‘Be aware of the risks posed by 5G’

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PEOPLE need to be made aware of the risks posed by 5G and the prolonged use of mobile phones, said visiting toxicologist and epidemiologist Dr Devra Davis.

Dr Davis delivered a talk on the subject at St James last night, having been brought to the island by the group Say No To 5G in Beautiful Guernsey, which started life on Facebook about a year ago.

She is president of Environmental Health Trust, which is a non-profit organisations that focuses on drawing attention to man-made health threats. She was also a founding director of the Centre for Environmental Oncology and her career has seen her working on disease prevention and environmental health factors.

She has previously raised concerns about the effect of 4G phones and masts on people’s health, and said that there has been a lot of evidence to show that there has been an impact.

Currently there are several court cases in the US being taken against phone companies by the families of people who were early adopters of mobile phones and who they say died of brain tumours caused by prolonged use.

As well as physiological effects on the body, another effect of the excessive use of mobiles is psychological problems, she said: ‘We’re seeing children with depression and unfortunately the rate of suicide has doubled in young children.

‘Certainly the addiction and lack of human interactions which is taking place is all part of this.’

There has also been an increase in brain cancer among children, too.

‘These are complicated issues and I am not trying to imply that the cellphone is the root of all evil.


‘I use phones. I use all the technology there is, I just don’t keep it on my body if I can avoid it.’

She said more information about what people can do to reduce exposure is available on the EHT website.

‘We think it’s possible to practise safer technology.

‘At this stage you’re not going to put the genie back in the bottle and I am not advocating that, but I think people have a right to know that a cellphone is a two-way microwave radio, that it should not be used by children except for emergencies and for limited periods of time and it’s certainly not a toy or a pacifier, and if you keep a phone on your body the radiation gets into you.’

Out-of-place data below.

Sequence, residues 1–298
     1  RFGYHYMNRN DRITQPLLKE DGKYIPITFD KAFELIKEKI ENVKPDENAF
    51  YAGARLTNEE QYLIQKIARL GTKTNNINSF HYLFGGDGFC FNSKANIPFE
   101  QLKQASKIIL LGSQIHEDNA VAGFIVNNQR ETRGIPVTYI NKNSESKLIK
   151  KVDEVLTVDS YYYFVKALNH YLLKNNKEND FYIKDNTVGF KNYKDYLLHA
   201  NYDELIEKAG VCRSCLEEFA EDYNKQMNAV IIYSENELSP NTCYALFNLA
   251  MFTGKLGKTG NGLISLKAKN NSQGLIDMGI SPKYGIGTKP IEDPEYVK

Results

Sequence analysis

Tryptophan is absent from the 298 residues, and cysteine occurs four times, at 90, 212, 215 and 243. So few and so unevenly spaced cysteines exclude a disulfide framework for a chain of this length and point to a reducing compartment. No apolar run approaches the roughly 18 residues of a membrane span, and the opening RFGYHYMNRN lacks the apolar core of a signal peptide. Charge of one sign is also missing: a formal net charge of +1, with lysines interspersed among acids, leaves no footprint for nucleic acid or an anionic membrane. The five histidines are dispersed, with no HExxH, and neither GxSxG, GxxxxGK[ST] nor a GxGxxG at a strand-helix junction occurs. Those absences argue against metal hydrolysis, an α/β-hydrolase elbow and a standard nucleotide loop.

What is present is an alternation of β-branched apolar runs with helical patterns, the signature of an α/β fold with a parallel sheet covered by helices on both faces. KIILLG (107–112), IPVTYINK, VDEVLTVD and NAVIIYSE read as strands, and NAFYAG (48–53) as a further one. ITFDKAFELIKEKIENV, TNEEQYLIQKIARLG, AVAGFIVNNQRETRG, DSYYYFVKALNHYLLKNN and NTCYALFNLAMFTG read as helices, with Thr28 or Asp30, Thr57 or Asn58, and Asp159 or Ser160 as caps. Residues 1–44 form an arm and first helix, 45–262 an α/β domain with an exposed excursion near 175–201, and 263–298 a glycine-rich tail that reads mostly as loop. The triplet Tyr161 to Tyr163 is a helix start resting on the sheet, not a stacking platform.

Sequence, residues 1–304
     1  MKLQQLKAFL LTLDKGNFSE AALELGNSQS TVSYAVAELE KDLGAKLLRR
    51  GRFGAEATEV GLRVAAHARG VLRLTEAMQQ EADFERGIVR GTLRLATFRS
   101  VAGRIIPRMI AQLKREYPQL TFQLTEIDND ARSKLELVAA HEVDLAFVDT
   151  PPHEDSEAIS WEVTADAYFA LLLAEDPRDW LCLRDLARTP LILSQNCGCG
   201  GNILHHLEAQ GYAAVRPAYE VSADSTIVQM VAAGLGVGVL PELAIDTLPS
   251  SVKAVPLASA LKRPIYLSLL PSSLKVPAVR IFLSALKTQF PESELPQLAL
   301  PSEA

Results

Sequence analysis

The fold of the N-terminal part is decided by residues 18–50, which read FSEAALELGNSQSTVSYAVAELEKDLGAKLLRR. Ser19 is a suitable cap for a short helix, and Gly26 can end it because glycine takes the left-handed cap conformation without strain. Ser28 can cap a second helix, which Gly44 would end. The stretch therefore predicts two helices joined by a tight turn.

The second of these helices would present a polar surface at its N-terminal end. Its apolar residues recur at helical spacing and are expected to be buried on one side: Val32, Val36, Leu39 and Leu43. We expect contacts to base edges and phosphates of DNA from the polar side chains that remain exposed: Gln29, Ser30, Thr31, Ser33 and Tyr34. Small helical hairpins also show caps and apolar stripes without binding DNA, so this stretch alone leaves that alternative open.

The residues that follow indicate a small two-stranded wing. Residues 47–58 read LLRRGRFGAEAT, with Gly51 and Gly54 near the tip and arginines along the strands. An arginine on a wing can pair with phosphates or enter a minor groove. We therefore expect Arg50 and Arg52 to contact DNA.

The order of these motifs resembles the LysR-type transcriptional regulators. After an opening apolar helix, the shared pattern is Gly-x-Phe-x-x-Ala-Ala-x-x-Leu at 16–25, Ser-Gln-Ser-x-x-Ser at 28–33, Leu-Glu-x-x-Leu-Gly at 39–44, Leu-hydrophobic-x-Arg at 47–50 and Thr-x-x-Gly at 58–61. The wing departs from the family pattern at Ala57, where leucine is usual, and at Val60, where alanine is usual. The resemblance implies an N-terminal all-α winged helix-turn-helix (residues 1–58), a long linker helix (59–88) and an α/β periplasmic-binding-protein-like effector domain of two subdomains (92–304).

Today she will be meeting local politicians to pass on the information she has, and to urge them to consider that it is the phone industry that is asking them to allow 5G to enable it to market new phones, new routers and so on.

But 5G can also be carried over fibre optic cables: ‘If you want 5G and you’re the fire, police or ambulance service or a business you have it over fibre,’ she said.

Say No to 5G group member David Green said that all it wants is for the island to pay attention to what is happening around the world.

‘Many countries have rules and regulations,’ he said.

‘We’re saying let’s look at what the world is doing and take advice from people like Devra.’

In a joint release from Public Health Services and the Office of Environmental Health and Pollution Regulation, local health officials said they have no plans to impose tougher restrictions on 5G technology than are already in place.

Staff working across both groups have moved to clarify the relevant regulatory mechanisms in place in the island in anticipation of the possible introduction of 5G phone technology to the island.

They have reviewed ‘published research from reputable sources’ to assess its likely effects on human and environmental health.

This review included looking into concerns raised by individuals during the year.

‘Currently we feel there is insufficient evidence of adverse health or environmental effects of electromagnetic field (EMF) radiation connected to the use of 5G frequencies,’ said the joint statement.

‘Therefore, there is no indication to impose tougher restrictions than are currently in place.’

But the bodies said that they will continue to monitor the subject and keep it under review as new evidence emerges or as guidance is updated.

‘Local monitoring and regulation of energy emissions from mobile telephone masts is currently carried out through the independent regulator, Cicra.

‘Our teams have established a good channel of communication with the regulator to ensure we have a mutual understanding of the routine monitoring procedures that are currently in place for 4G technologies and how these would change in the event that 5G was introduced.

‘We are satisfied that this is a robust monitoring process that conforms to international standards.’

Sure’s chief digital officer Justin Bellinger said the company was progressing its work on 5G: ‘Sure is currently conducting an extensive 5G tender process, involving a number of suppliers from around the world, with the intention of launching a trial 5G network across the Bailiwick this year.

‘We want to launch a considered, ubiquitous 5G network aligned with the States of Guernsey’s progressive and ambitious Future of Telecoms policy.

‘Sure fully supports the policy and we intend to bring the most relevant solution to the Bailiwick to support innovation in our economy in an increasingly digital future.’

Mark Ogier

By Mark Ogier

Not to be confused with the other Mark Ogier!


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